Innovative Interactive Online Equestrian Magazine Launched
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Vision of the Horse, a new interactive online magazine celebrating the best of global equestrian sport, has been launched by Kit Houghton, one of the world’s most experienced and respected equestrian photographers.
The second edition of Vision with spectacular photographs and interactive video that was created by the British photographer has been published and can be viewed at www.visionofthehorse.com.
Spectacular imagery, slideshows and video crafted creatively to give viewers a closeup, almost personal, perspective of equestrian life, from the stars of the sport, major events and a “virtual” tour of a horse lorry (or truck for us Americans).
On a personal note, this writer has been a deadline-driven photojournalist, a publisher and editor/writer over the years of books and magazines and a correspondent and producer of film, television and radio, and salutes not only the quality of the content but the extraordinarily high production values.
Kit and his crew in their first two editions–there are scheduled to be four a year–are exploring the capabilities of the Internet to incorporate the best of the media from print in words and pictures, to video in imaginative and unusual way and audio capturing the voices and sounds of the wonderful world of the horse.
Vision of the Horse is a feast for the senses.
“Vision of the Horse has been in development for over 18 months and I hope you enjoy looking at these images as much as I enjoyed taking them,” Kit said. “It’s interactive, and a video will run whenever you turn to a big image in black and white, but no two features are the same, so keep your mouse busy to ensure you don’t miss anything.”
The first edition covered some of the great spring competitions such as the Rolex World Cup finals in Leipzig, the Mitsubishi Motors Badminton Horse Trials, and behind-the-scenes access at the Double H stables of Rodrigo Pessoa in Wellington, Florida, and British event rider Zara Phillips.
As to be expected, the second edition has more of a sense of excitement. The focus on Aachen is a production that is so complete that it is–really–almost as good as being at the best horse show in the world. But that is only one of a half-dozen features.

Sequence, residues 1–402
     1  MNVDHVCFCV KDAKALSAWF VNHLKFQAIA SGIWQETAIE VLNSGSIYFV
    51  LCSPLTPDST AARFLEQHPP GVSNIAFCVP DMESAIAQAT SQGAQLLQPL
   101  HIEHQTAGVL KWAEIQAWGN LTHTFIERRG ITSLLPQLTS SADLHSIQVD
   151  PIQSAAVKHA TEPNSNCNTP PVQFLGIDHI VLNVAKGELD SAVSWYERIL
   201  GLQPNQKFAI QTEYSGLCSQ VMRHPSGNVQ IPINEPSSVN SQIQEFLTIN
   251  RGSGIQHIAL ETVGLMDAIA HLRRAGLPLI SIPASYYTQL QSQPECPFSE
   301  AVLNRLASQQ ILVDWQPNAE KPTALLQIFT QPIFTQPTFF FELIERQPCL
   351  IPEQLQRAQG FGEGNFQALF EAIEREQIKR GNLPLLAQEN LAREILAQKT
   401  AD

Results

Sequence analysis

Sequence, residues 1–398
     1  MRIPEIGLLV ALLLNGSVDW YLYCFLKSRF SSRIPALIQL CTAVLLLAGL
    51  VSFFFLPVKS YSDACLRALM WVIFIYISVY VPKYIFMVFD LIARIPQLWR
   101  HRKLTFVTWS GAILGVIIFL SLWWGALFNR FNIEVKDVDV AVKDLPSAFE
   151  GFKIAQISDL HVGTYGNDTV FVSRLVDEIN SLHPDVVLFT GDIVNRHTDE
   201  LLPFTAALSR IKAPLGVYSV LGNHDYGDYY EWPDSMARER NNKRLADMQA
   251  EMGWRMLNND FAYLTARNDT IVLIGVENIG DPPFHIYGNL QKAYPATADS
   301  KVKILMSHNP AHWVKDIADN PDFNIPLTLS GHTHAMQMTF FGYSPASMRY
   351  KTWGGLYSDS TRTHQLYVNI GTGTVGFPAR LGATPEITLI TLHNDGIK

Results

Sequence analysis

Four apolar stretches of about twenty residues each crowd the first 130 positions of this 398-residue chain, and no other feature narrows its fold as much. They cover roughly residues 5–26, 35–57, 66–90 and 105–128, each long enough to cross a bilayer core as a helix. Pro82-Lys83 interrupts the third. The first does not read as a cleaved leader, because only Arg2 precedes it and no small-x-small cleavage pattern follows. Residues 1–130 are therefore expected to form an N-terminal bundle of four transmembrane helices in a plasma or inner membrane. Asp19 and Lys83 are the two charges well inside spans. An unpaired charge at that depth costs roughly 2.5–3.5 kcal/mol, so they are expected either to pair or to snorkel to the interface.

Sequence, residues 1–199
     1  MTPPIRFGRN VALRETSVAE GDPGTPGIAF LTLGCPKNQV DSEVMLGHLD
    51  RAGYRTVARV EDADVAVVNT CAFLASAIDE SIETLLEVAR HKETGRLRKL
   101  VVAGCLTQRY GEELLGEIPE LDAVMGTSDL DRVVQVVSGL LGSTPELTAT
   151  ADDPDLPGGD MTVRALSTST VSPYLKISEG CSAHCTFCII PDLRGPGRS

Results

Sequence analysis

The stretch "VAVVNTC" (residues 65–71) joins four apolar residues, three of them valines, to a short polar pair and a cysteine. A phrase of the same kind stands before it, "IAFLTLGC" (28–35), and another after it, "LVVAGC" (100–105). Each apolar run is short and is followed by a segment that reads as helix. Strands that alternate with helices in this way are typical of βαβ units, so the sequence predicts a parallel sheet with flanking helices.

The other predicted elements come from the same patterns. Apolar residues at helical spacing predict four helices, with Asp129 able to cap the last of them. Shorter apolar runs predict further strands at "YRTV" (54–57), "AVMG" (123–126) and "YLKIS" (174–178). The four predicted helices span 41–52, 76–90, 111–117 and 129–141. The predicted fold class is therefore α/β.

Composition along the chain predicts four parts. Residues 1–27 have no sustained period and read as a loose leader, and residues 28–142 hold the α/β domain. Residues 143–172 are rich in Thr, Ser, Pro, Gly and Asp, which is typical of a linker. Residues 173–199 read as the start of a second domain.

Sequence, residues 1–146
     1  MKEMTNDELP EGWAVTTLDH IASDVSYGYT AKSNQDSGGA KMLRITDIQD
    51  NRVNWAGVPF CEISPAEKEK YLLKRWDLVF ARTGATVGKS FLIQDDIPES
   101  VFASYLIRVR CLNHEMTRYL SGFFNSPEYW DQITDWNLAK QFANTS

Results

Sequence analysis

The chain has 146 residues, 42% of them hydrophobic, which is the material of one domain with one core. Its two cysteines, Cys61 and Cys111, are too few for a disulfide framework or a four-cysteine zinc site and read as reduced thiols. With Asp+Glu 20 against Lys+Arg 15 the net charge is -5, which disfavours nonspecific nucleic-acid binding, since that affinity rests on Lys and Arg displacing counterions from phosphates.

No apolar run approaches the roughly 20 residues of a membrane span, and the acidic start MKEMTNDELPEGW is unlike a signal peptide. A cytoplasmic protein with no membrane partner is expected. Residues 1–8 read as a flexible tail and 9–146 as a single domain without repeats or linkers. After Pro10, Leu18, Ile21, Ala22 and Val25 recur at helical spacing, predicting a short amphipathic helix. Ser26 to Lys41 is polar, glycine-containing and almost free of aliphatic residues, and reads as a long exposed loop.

With not much more than word of mouth, the first edition recorded unique readership of over 4,000 viewers worldwide from 64 countries. The average time spent on the site is seven minutes. An iPhone app is available free on the the Apple app store.
Kit said he came up with the idea when looking at most on-line equestrian magazines that were just on-line versions of the print version.
“My supposition is that generally magazines are not read on line but the visual content is the most important,” Kit said from his home in Somerset, England.
“In the course of an event or photo shoot I take many hundreds of photographs many of which never see the light of day and so I wanted to devise a way of getting across the atmosphere of an event by using some of these pictures.”
He browsed the Internet and found a site where the photographer had combined still photography with sound effects, music and commentary interspersed with very short video clips.
“To me this seemed an ideal way to convey the ambiance of an event. It took me some time to find an editor who was sympathetic to and understood horses and what I as trying to achieve. In the end it was an ex-film school student who lives within a mile of me who excels at interpreting and assembling the audio visual pieces.
“Compared with a print magazine it is endlessley flexible.
“One can add or subtract pages without worrying about pagination. The basic spreads are designed in Adobe In-Design which is converted to a pdf and then uploaded to the host site, where the interactive element is overlaid.”
The first issue was very time consuming, he said, but the software company hosting the magazine was extremely helpful and experience with the pitfalls has made it easier.
Kit and his wife, Kate, make up the full-time “staff,” and they are aided by three freelancers who write design and edit.
The schedule calls for four editions a year of Vision of the Horse, May, July, September and December.
Chances are readers will re-visit the Vision of the Horse time and again to savor the sounds and sights of our world.